Achalasia: Symptoms and Treatment in Dallas is a serious disorder that affects the esophagus and makes it difficult for food and liquid to pass through the esophagus to the stomach.
The esophagus or throat is the tube connecting your mouth to your stomach. It is the tube where food travels from your mouth into your stomach.
When the nerves in the esophagus become damaged, the esophagus becomes paralyzed and dilated over time. The esophagus eventually loses its ability to squeeze food down into your stomach. This condition is known as Achalasia.
Achalasia can occur for different reasons. The exact cause of achalasia is not known. It can be difficult for your doctor to know the exact cause. Doctors and researchers suspect it may be caused by the loss of nerve cells in the esophagus.
It may also be due to an autoimmune condition and can also be hereditary. Your body’s immune system may mistakenly attack healthy cells in your body. Degeneration of nerves in your esophagus may also cause achalasia.
Achalasia may also be caused by an inherited genetic disorder or rare parasitic infection. Cancer of the esophagus may also cause achalasia.
Patients with achalasia often have trouble swallowing foods or drinks. They usually feel like food is stuck in their esophagus. When this occurs, it can cause them to start coughing. It also raises their risk of aspiration, or inhaling or choking on food.
Other symptoms include:
Achalasia has similar symptoms with acid reflux and other digestive disorders; hence can be quite difficult to diagnose or can be misdiagnosed.
To diagnose for achalasia, your doctor may recommend:
This is a test that measures the rhythmic muscle contractions in your esophagus when you swallow food. It also measures the coordination and force exerted by the esophagus muscles and how well your lower esophageal sphincter relaxes or opens when you swallow food. This test helps to determine which type of motility problem you might have.
During this test, you will be asked to drink a chalky liquid that coats and fills the inside lining of your digestive tract. X-rays of your upper digestive system will then be taken after drinking the chalky liquid. Your doctor will be able to see a silhouette of your esophagus, stomach and upper intestine.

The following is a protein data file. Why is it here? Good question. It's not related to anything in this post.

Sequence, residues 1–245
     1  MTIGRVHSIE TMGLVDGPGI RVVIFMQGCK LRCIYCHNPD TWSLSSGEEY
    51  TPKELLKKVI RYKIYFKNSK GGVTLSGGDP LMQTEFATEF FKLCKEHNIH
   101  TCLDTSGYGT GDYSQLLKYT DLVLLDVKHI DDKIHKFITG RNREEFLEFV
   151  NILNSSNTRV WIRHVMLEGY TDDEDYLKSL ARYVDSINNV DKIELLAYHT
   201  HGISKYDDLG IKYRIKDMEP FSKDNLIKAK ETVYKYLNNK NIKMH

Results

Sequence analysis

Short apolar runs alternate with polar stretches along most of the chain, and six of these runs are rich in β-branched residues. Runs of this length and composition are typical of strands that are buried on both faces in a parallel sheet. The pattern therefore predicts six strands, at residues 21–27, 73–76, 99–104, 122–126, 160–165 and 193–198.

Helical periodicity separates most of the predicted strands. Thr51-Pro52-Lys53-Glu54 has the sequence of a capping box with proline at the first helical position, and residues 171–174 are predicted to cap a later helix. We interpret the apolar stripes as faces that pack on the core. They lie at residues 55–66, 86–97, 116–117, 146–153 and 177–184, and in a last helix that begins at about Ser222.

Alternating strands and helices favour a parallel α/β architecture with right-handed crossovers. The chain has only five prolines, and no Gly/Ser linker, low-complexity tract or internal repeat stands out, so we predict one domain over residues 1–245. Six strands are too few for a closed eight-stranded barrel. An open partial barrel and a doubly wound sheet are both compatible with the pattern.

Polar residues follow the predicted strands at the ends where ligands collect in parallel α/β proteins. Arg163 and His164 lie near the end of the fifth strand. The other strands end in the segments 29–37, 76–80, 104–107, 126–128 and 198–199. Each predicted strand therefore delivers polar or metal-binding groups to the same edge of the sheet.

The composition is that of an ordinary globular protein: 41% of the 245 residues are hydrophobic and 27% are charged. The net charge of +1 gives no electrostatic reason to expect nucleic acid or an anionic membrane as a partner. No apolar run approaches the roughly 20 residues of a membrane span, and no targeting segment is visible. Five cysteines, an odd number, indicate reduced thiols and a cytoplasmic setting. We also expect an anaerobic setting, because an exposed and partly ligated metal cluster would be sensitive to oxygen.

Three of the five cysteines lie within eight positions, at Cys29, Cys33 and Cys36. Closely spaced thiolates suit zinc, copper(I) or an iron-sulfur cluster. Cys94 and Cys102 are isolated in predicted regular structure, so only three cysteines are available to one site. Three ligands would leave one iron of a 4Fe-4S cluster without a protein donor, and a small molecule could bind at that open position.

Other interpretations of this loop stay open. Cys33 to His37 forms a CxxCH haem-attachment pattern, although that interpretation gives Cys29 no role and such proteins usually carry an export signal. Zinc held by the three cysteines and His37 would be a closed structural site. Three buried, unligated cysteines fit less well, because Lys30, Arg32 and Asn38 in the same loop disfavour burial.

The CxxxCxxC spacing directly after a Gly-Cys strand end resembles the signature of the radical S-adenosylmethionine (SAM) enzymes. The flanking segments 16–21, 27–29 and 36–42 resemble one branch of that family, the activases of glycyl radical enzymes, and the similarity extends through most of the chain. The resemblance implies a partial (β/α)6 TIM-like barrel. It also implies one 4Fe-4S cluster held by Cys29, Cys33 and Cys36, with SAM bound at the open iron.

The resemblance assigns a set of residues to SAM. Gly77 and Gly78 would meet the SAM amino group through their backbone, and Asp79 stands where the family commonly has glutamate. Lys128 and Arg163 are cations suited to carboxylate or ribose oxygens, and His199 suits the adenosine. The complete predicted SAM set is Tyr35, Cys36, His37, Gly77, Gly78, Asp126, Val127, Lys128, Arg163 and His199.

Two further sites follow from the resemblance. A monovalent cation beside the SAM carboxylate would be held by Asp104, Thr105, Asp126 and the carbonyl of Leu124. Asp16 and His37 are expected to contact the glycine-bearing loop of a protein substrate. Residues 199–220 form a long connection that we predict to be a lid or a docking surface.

This is a diagnostic test whereby you will be given barium prepared in liquid form to swallow. Your doctor will then track the movement of the barium as it goes down your esophagus using X-rays.
This is a diagnostic test used to view the inside of your esophagus. A thin, flexible tube equipped with a light and camera known as endoscope will be inserted down your throat so that your doctor can view and examine the inside of your esophagus and stomach. Endoscopy can be used to check the inside of your esophagus to see if there is any blockage. Your doctor can also collect a sample of tissue (biopsy) and taken to the lab for further examination.
The treatment of achalasia focuses on relaxing or stretching open the lower esophageal sphincter so that food and liquid can easily move through your digestive tract.
Treatment options depend on your age, health condition and the severity of the achalasia. Treatment can either temporarily relieve your symptoms or permanently alter the function of the valve.
Treatment options include:
This treatment is performed to open up the esophageal sphincter. During this procedure, a balloon is inserted using an endoscope into the center of the esophageal sphincter. The balloon is then inflated to enlarge the opening of the esophageal sphincter. If the esophageal sphincter doesn’t stay open, the procedure may be repeated.
This treatment involves injecting Botox (muscle relaxant) directly into the esophageal sphincter to relax the esophageal sphincter. Botox is injected into the esophageal sphincter using endoscope. An improvement after Botox injection may confirm a diagnosis of achalasia. Botox injection is generally recommended only for people who aren’t good candidates for pneumatic dilation or surgery because of their age or health conditions.
During this procedure, your surgeon cuts the muscle at the lower end of the esophageal sphincter to allow the free passage of food into your stomach. After undergoing Heller myotomy, some people may later develop gastroesophageal reflux disease (GERD).
A procedure known as fundoplication might be performed along with a Heller myotomy to avoid future complications with GERD. During a fundoplication, your surgeon wraps the top of your stomach around the lower esophagus to create an anti-reflux valve. This helps to prevent acid from coming back into your esophagus.
During a POEM procedure, your surgeon inserts an endoscope through your mouth and down your throat and then creates an incision in the inside lining of your esophagus. Your surgeon then cut the muscle at the lower end of the esophageal sphincter.
POEM may also be performed in combination with or followed later by fundoplication. This helps to help prevent GERD.
Muscle relaxants such as nitroglycerin (Nitrostat) or nifedipine (Procardia) may be prescribed by your doctor. Medications are considered only if you’re not a candidate for pneumatic dilation or surgery. Medications may also be considered if Botox hasn’t helped to improve your condition. These medications may have serious side effects and may have limited effects.